When the Western District Police Station re-opened its doors on July 12, 2017, the newly renovated precinct located at 1034 North Mount Street in Baltimore now represents a renewed and fresh outlook for police and the community, in more ways than one.
In addition to the obvious upgrades the $4.5 million project provided to the nearly 60-year old brick and mortar facility, the improvements also resulted in finding common ground between law enforcement and its community element. While the national spotlight shined on Baltimore during the spring of 2015, during the controversial death of Baltimore resident Freddy Gray, in addition to several Baltimore officers being charged in connection with Gray’s unfortunate death— the Western District Police Station became the focus of community anger, protests and civil uprising.
According to Baltimore police officials, the old Western District station represented an “unwelcoming fortress with towering pillars and locked doors.” The removal of these real and symbolic barriers allows a vibrant, energetic space to emerge and the transformation of the former building enables conversations between all parties, police and the community.
Finding common ground in the scope of this project was “key to its potential success,” according to Scott Plank, founder, War Horse Cities CDC, the primary developer and financial overseer of the project.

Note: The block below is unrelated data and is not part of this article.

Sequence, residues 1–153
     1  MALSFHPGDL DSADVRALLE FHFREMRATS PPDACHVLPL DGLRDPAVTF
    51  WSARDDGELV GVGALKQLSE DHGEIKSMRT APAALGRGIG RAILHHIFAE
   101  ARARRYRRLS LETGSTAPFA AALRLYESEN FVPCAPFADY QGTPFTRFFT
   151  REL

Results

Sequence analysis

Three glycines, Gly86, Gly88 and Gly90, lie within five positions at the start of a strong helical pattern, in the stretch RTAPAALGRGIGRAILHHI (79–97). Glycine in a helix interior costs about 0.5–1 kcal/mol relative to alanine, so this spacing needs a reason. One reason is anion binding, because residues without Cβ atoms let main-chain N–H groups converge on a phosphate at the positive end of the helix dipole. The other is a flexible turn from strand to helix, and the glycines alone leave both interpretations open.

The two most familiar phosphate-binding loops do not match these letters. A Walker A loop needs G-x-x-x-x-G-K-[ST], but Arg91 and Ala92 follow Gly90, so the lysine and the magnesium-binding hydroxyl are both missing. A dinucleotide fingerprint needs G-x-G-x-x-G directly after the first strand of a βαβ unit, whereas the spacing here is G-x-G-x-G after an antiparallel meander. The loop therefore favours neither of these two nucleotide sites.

Eric Stocklin/Courtesy BPD
“Our reflection and deep conversations with stakeholders made it clear that the project needed assets to attract and retain great police officers and provide gathering spaces to bridge deep divides and increase interaction between law enforcement and the Western District community,” said Plank.
“The Western District has long represented the hopes and challenges of our city,” said Baltimore Police Commissioner Kevin Davis. “The police district station now reflects our community and organizational values, and its new appearance and modern amenities will attract residents and police alike as we strive for a new day— one made possible by our business and community partners.” Baltimore City Mayor Catherine Pugh mirrored Commissioner Davis’ remarks.
“The Western District Police Station renovation is a prime example how real change can be made through strong public-private partnerships. Tackling violence in Baltimore requires unique strategies and collaboration between the state, city and our business leaders,” said Mayor Pugh. “We need everyone engaged in this fight with us— neighborhoods, the police department, the faith-based community, city agencies, and everyday citizens. This project will make a real difference in the lives of those on the front lines fighting for the future of our city.”
As part of the Baltimore Police Collaborative Public Safety Project, the Western District Police Station draws on Plank’s experience in urban planning, and workplace and hospitality space programming to bring the latest in customer-centric design to Baltimore City public service facilities.
While utilizing Plank’s retail and hospitality industry experience, the updated $4.5 million station is organized around the guest experiences of three “customers;” (1) visitors to the station, (2) police officers and administrators, and (3) those who are in custody. Using the six pillars of President Barack Obama’s Task Force on 21st Century Policing as a guide, the Baltimore Police Collaborative Public Safety Project reinvented the Western District Station as a beacon of trust and safety that reflects a culture of respect, understanding and transparency.